I was eating breakfast when I heard it: a rustling in the pantry. Best case scenario: it was a foraging venomstriker; worst case scenario: I had mice.

Turns out, it wasn’t either of those: when I opened the cuboard; armed with a glass and a roll of newspaper, I found this little guy:

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This is a devilmite, so named for its horned appearance and tendency to steal food. (i.e. Begone, devilmite!)

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It was obviously used to people, and didn’t make a fuss when I took it outside- it even stuck around to suss me out, before scooting over the wall next door (A bakery, where it will probably decimate their stock. Oops.)

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F#24: Domestic Manticore Kitten

‘Beep’ Domesticated Manticore Mardyakhor Mansueti

 There are many reasons why people might rehome a manticore bred by Eliza Knights-Herbert of 23 Rose Street, Revery. Most of these reasons relate back to their finicky personailities, or the ability to dissolve things just by looking at them.

Beep, however, was left with us at the institute because she is blind. Her previous family were displeased with her lack of laser vision, and feared she would no longer be an effective burgalar deterrent- a legitimate concern.

Luckily, Beep has found a new forever home, and will only be staying with us briefly before travelling to Gloucestershire- our resident manticore Percy will miss her.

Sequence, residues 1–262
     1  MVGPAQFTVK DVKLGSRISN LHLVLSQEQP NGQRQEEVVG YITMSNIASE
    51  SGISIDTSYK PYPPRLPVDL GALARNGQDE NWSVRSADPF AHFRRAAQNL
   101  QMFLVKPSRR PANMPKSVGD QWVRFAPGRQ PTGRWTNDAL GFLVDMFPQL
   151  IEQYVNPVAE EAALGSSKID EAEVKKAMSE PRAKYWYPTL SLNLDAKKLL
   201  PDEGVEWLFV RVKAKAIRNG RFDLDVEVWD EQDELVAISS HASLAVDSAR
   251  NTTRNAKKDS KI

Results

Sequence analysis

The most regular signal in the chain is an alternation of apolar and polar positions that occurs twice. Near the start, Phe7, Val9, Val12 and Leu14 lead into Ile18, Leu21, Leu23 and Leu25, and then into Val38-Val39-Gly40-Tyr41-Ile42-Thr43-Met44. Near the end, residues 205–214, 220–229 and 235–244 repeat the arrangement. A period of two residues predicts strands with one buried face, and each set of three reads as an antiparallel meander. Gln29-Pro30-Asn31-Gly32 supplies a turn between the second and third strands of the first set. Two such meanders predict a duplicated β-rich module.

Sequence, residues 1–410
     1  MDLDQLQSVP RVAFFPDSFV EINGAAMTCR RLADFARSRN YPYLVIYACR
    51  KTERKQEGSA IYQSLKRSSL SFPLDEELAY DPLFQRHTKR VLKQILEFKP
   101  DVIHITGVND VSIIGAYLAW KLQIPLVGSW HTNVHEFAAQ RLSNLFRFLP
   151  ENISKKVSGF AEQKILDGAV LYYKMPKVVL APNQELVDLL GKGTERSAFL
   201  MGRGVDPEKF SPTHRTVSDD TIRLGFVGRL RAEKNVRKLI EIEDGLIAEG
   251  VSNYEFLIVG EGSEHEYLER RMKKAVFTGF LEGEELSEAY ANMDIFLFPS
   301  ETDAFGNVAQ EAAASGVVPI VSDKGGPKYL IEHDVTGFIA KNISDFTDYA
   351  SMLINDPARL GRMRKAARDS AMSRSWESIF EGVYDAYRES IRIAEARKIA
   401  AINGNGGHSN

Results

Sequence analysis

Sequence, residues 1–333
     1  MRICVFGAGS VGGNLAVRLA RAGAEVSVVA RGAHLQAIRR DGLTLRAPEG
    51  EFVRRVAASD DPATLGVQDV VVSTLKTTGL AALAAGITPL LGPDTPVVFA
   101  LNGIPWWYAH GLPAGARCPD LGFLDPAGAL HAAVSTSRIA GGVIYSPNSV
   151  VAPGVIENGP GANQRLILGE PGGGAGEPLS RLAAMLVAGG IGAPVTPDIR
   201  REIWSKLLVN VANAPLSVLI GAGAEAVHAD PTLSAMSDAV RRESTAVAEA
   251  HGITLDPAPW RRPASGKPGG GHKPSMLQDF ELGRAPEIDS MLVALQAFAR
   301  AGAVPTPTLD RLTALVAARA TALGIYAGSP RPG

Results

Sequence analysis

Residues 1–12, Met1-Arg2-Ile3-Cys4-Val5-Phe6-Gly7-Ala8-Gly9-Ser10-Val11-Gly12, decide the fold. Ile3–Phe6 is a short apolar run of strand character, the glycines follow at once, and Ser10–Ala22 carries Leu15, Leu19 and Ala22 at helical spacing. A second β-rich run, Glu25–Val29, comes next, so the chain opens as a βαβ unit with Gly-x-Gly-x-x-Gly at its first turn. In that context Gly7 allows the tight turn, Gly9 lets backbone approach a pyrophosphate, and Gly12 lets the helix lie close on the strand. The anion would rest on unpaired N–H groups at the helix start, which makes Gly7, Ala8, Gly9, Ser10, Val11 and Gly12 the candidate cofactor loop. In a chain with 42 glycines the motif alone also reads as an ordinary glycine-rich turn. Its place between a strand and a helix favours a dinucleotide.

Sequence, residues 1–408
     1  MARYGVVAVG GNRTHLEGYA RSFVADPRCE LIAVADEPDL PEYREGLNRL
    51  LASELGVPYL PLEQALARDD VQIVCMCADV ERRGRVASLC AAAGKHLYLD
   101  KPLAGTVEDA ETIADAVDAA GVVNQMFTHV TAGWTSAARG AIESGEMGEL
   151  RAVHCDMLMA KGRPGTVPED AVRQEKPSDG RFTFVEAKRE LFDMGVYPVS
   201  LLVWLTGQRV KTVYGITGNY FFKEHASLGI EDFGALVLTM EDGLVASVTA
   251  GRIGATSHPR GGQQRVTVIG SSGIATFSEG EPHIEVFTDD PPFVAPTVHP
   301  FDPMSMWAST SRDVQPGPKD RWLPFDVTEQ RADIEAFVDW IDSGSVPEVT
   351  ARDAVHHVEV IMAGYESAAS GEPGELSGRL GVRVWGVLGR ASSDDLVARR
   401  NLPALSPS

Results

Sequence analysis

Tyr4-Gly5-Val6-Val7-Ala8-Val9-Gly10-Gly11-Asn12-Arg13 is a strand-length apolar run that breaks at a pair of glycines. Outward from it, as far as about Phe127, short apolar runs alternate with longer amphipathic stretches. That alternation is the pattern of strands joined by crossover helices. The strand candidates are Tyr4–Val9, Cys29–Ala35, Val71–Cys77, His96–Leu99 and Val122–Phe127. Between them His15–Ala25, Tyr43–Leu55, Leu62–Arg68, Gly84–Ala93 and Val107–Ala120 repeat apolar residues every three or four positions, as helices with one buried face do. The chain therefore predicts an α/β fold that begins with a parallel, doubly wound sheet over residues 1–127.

F#23: Wyrm Hatchlings

Wyrm Hatchlings (Northen European Wyrm) 

Dragon species

When we got the call about an ‘infestation of worms’, we might have reacted a mite too hastily with our stock (polite!) ‘we are a research institute, not Revery Pest Control’ response.




After the miscommunication was cleared up, we arrived at a small garden in the suburbs- only to find these week-old specimens of the European small wyrm causing havoc and destruction in their pursuit of a Sunday dinner.

These dragons are rarely found in built up areas (and almost never in the south of England) and there was no sign of the parent wyrm, who normally feeds young in the nest until they are a month old. It seemed as if the babies had been fending for themselves for a few days- feeding on insects and tearing up the garden in the process.



After a short (but chaotic) pursuit, Evelyn and I caught all three at the same time and took them back to the institute.


They have settled down in the break room in Keeley’s hat, whilst we contact the South West Dragon Centre to see if they have a spare pen…